Richard Yates’ Revolutionary Road is an understated tour-de-force. And I love Milan Kundera, especially The Unbearable Lightness of Being, and José Saramago, especially The Year of the Death of Ricardo Reis.

Name one or more of your favorite films and tell us what you love about it/them.

In literature I am drawn to realism—you might almost say mundane realism. Robert Altman’s films, or many of them, are of a similar nature. So are Ernst Lubitsch if you want to go really far back, especially the pre-Code ones.

Yet I also love the outsized aspects of Fellini, and 8 ½ and La Dolce Vita are two of my favorite films. They use fantasy to make a bigger point about realism.

So fantasy at the service of realism is fine. Fantasy for fantasy’s sake not so much, even if there’s a “moral” to the story. It’s usually a very simple moral.

Name one or more of your favorite pieces of art (painting, sculpture) and tell us what you love about it/them.

The Milk Maid by Vermeer, though to understand why you’d have to see it in person. The best prints don’t capture the impact. That’s true of any Vermeer.

Rembrandt’s self-portraits, especially the late ones. Same story. They seem to have a history that began before you entered the room to look at them and continue after you leave.

What were you like as a child?

God knows.

Tell us about something you’re proud of having created, participated in, etc. (not your offspring, please! 😉

This is going to seem ridiculously esoteric, but I intuitively figured out the “Circle of Fifths” in music without ever having it explained to me. I also distrusted a scholarly discovery that claimed a section of Beethoven’s music had been edited incorrectly all these years and had to be revised. Turns out I was right—the copyist made the “corrections” and Beethoven considered them wrong—they are!—and put back his original. But for several years some Beethoven scholars thought the “wrong” way was right and it was even recorded this way. I was never fooled, because that’s not how Beethoven thinks; it has nothing to do with taste.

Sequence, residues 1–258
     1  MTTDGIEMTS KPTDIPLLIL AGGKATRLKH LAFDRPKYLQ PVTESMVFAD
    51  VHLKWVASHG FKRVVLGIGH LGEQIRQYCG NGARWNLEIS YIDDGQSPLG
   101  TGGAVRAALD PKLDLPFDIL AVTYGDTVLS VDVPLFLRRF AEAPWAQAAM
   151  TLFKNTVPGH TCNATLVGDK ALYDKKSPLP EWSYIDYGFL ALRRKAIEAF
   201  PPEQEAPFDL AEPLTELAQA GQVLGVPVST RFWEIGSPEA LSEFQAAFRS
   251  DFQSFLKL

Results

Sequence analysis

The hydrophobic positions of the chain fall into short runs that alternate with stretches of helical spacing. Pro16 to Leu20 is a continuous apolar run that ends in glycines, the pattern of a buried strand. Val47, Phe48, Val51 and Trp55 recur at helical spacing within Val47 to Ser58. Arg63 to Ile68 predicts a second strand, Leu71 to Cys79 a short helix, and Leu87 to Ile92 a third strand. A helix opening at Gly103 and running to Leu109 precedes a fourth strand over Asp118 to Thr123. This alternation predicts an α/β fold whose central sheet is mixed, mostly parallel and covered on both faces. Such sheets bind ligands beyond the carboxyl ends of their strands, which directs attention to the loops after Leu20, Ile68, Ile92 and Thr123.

What are you grateful for? (Today or in general.)

My health. A number of friends have had brushes with cancer or other disease and I have nothing to complain about. I am in good shape overall.

From JL’s Uncle Jessie Meme:

A song/band/type of music you’d risk wreck & injury to turn off when it comes on the radio?  

Hip hop. But really most pop.

A favorite show on television?    

Don’t really have one.

If you could have anything put on a t-shirt what would it be?

The formula for the Unified Field Theory. I’d then win a Nobel in physics and be famous.

A favorite meal?

Sushi.

A talent you wish you had? 

Concert pianist.

What’s on your nightstand? 

Isn’t this a family blog?

What’s something about you that would surprise us?

Same answer.

Check out John’s blog here.

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Please take a moment to let John know what you appreciated about this interview. Be sure and check out the link to his blog, too. If you’re feeling too shy to comment, consider sharing this post with your friends on your favorite social media platform. Thanks! xo

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P.S. A quick note about the title of this series, From the Front Porch:

Here in the South, we love our front porches. They are where we get to know our neighbors and take a load off with our friends. Ideally, I would invite John here to my house, we’d sit with a glass of iced tea, and I’d interview him while a cool breeze moved through the oaks, accompanied by the sound of two rocking chairs squeaking on the floorboards. Instead, I’ll ask you to use your imaginations. I hope you enjoy the breeze!